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in the Sunday-school curriculum and a boy might far better be informed
on the plan of government, the civic dangers, and the line of action for
a good man in his own city than to fail of that in an attempt to master
the topography of Palestine or to recite perfectly the succession of the
Israelitish kings.

If the minister has faith in a living God, if he believes that people
are not less valuable now than they were four thousand years ago, if his
Golden Age comprises the perfect will of God entempled in the whole
creation, if he believes that this nation has some responsible part in
the divine plan for the world, if he believes that righteousness is
more desirable than pity and justice than philanthropy, and that the
unrest of our times is but opportunity, he will in every way gird his
boys for the battle and deliver constantly to the state trained recruits
for the cause of human welfare which is ever the cause of God.





CHAPTER VIII

THE BOY'S RELIGIOUS LIFE[9]


Comparative religion is unable to make a satisfactory investigation of
the successive stages in the religious life of the individual. For the
purpose of religious education it is highly desirable to add to the
historical survey and the ethnological cross-sections of comparative
religion a longitudinal section of the religion of the individual. This,
however, is impossible because the important data at the bottom of the
series are unattainable. In the study of childhood, as in the study of a
primitive race, the individual is so securely hidden away in the group
that the most penetrating scientific method cannot find him, and the
tendencies which are to integrate into religious experience are so taken
in hand by the society which produces and envelops the new life that the
student of religion must deal with a social product from the outset. The
isolated religion of an individual does not exist, although in the more
mature stages of prophetism and philosophy pronounced individual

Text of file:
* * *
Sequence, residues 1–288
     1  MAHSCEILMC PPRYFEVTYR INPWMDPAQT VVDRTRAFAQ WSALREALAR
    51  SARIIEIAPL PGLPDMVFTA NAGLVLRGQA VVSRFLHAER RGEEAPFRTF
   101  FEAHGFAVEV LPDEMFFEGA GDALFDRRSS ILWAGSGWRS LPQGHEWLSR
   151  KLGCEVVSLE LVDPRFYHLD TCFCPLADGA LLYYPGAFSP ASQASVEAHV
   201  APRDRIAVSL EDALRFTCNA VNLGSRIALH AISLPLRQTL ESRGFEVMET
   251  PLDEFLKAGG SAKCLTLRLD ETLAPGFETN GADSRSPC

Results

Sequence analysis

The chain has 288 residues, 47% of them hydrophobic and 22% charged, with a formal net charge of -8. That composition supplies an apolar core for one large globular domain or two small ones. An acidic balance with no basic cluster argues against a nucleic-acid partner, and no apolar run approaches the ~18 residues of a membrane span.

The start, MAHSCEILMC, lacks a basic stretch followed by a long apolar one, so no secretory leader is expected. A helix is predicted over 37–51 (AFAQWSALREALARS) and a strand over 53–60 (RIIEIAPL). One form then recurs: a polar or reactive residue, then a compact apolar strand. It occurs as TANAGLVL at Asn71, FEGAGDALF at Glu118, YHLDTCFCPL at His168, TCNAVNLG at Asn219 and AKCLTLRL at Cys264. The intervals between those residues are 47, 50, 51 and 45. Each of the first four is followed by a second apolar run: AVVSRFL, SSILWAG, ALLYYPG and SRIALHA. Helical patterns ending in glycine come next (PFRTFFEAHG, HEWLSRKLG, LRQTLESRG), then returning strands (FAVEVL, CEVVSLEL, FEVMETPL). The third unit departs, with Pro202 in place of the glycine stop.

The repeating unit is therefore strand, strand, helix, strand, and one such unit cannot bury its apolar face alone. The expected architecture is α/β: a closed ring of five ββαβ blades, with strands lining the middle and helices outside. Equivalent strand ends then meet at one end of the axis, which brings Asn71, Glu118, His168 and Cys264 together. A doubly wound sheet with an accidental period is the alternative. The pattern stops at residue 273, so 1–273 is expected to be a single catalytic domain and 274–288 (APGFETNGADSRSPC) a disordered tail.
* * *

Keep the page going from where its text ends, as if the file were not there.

features always assert themselves.

The potential individuality in every child forbids, however, the
assertion that he is only a mirror in which the religion of his
immediate society and nothing more is reflected. There is from a very
early time an active principle of personality, a growing selective
power, a plus that comes out of the unmapped laboratory of creation,
that may so arrange, transmute, and enrich the commonplace elements of
the socio-religious matrix as to amount to genius. But, nevertheless,
the newcomer can scarcely do more than select the given quarter which
from day to day proves least unpleasant, while the fact of being on the
great ship and in one cabin or another - or in the steerage - has been
settled beforehand.

Hence the religious life of the boy depends largely upon family and
community conditions which in turn rest upon economic considerations.
Whatever demoralizes the home, degrades the community, and crushes out
idealism also damns the souls of little children. It requires no deep
investigation of modern society to prove that this is being done, and
the guilt of economic injustice and rapacity is measured ultimately in
the cost to the human spirit which in every child pleads for life and
opportunity, and, alas, too often pleads in vain.

The pre-adolescent and imitative religious life of the boy is fairly
communicative, but as soon as the actual struggle of achieving a
personal religion sets in under the pubertal stress the sphinx itself is